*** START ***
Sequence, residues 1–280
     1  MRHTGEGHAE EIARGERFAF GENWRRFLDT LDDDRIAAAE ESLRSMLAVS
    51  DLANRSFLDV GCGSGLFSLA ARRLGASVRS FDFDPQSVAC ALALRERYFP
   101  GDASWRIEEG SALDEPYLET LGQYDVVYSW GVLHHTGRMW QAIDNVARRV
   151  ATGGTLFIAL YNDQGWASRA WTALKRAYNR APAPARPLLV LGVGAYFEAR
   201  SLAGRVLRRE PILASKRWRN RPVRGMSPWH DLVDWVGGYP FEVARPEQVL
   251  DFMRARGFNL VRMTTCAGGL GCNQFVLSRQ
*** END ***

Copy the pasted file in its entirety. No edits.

Sequence, residues 1–280
     1  MRHTGEGHAE EIARGERFAF GENWRRFLDT LDDDRIAAAE ESLRSMLAVS
    51  DLANRSFLDV GCGSGLFSLA ARRLGASVRS FDFDPQSVAC ALALRERYFP
   101  GDASWRIEEG SALDEPYLET LGQYDVVYSW GVLHHTGRMW QAIDNVARRV
   151  ATGGTLFIAL YNDQGWASRA WTALKRAYNR APAPARPLLV LGVGAYFEAR
   201  SLAGRVLRRE PILASKRWRN RPVRGMSPWH DLVDWVGGYP FEVARPEQVL
   251  DFMRARGFNL VRMTTCAGGL GCNQFVLSRQ